What is the meaning of "two-sidedness"? I'd like a direct or indirect definition.
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Two-sided as defined in Random House Dictionary:
This is a more direct, literal definition, where the sense of the word applies to concrete things: two-sided coins and two-sided paper.
This is the more indirect, figurative definition, where the sense of the word applies to characteristics of a person, markets, or problems. The implication is that those things with two-sidedness have a more complex nature than what is presented on the outside.
Adding '-ness' creates the noun form.
Something that has two sides can be called two-sided. The English suffix -ness is used to turn an adjective (or participle) into a noun that refers to the associated quality. For instance, darkness is the quality which dark describes. Thus, two-sidedness is the quality of having two sides. Although this is not a common word, it is a reasonable one. One could say, for instance, that a sheet of paper shows two-sidedness. (It is more likely that two-sidedness would be used in a metaphorical sense rather than a literal sense of that example.)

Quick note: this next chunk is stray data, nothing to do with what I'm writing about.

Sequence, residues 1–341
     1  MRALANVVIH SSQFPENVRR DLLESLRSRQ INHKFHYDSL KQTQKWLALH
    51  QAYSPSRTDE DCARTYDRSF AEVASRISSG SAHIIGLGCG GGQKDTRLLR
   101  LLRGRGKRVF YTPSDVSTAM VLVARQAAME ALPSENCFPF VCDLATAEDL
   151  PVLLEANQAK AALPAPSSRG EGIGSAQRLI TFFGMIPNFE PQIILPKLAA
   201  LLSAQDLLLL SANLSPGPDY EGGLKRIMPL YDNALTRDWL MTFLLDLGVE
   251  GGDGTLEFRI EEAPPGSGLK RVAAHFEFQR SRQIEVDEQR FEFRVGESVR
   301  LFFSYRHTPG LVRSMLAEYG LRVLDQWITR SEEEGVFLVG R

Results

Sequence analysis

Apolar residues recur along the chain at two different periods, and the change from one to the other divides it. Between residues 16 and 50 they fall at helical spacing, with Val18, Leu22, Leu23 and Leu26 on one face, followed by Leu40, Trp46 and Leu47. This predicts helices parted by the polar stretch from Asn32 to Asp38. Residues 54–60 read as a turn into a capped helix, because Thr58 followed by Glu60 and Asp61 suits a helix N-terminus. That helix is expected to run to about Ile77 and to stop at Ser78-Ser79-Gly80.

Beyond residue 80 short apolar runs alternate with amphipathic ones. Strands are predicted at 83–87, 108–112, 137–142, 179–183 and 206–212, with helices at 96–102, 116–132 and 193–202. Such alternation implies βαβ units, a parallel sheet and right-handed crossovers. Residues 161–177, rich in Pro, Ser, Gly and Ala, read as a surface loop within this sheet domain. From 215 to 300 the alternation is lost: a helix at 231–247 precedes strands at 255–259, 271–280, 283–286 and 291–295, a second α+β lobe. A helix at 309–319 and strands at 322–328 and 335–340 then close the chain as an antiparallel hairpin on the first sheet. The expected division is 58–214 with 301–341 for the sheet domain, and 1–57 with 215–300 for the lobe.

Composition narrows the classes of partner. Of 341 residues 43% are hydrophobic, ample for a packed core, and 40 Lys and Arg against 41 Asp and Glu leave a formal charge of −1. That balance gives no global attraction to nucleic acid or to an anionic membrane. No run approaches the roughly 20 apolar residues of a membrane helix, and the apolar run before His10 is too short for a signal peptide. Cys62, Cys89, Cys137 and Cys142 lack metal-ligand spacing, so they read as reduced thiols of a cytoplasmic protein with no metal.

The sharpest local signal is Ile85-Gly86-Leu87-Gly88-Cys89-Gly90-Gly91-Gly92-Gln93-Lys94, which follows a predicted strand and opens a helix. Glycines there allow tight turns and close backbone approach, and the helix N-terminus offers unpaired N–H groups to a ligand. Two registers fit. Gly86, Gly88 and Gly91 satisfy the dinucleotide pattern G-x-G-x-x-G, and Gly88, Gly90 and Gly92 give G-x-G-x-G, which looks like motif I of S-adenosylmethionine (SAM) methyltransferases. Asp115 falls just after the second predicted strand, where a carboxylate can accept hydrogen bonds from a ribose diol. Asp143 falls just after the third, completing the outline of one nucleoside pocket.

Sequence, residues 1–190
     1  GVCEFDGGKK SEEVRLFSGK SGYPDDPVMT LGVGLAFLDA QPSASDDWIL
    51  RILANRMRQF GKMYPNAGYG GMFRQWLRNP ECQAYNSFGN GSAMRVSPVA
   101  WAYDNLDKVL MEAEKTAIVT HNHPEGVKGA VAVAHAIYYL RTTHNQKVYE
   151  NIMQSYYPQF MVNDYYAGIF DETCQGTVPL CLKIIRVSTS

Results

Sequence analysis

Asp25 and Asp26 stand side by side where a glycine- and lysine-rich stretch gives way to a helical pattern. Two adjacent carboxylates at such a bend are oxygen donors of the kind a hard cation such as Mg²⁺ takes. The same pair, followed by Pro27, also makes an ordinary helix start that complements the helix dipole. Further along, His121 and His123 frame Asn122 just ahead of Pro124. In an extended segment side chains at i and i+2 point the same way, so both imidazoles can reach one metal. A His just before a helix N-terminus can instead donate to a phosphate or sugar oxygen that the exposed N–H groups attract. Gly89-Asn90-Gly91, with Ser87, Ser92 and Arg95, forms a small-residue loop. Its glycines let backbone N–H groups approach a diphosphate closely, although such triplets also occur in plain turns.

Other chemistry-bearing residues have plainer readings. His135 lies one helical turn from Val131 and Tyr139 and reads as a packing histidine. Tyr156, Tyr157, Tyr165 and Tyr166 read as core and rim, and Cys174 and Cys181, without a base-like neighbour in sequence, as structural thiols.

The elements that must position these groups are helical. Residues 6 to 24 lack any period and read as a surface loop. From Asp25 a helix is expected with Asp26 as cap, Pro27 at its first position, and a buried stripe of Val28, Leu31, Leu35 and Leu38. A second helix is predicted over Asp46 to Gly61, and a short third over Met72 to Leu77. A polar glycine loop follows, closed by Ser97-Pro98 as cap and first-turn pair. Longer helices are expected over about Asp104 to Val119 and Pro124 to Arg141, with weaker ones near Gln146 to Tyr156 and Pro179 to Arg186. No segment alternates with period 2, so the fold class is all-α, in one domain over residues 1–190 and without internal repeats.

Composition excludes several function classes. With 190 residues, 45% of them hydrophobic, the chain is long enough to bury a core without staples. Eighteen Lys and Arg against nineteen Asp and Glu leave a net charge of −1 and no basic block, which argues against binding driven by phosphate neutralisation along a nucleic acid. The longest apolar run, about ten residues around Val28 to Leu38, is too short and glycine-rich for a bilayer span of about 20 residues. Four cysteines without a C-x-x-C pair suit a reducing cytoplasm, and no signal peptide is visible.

The only occurrence of two-sidedness in the Corpus of Contemporary American English is in an academic paper dated 1990: [he] erred in his prediction that Britain would be one of the superpowers, but he correctly anticipated the “two-sidedness” of world politics after 1945 (note the quotation marks, which appear in the original, marking that the author knows the word is not standardly used).
@mgkrebbs gave a good description of using the -ness suffix to form nouns. Two-sided means having two sides, or two aspects. The first meaning is exemplified in a sentence like:
The second can be seen in: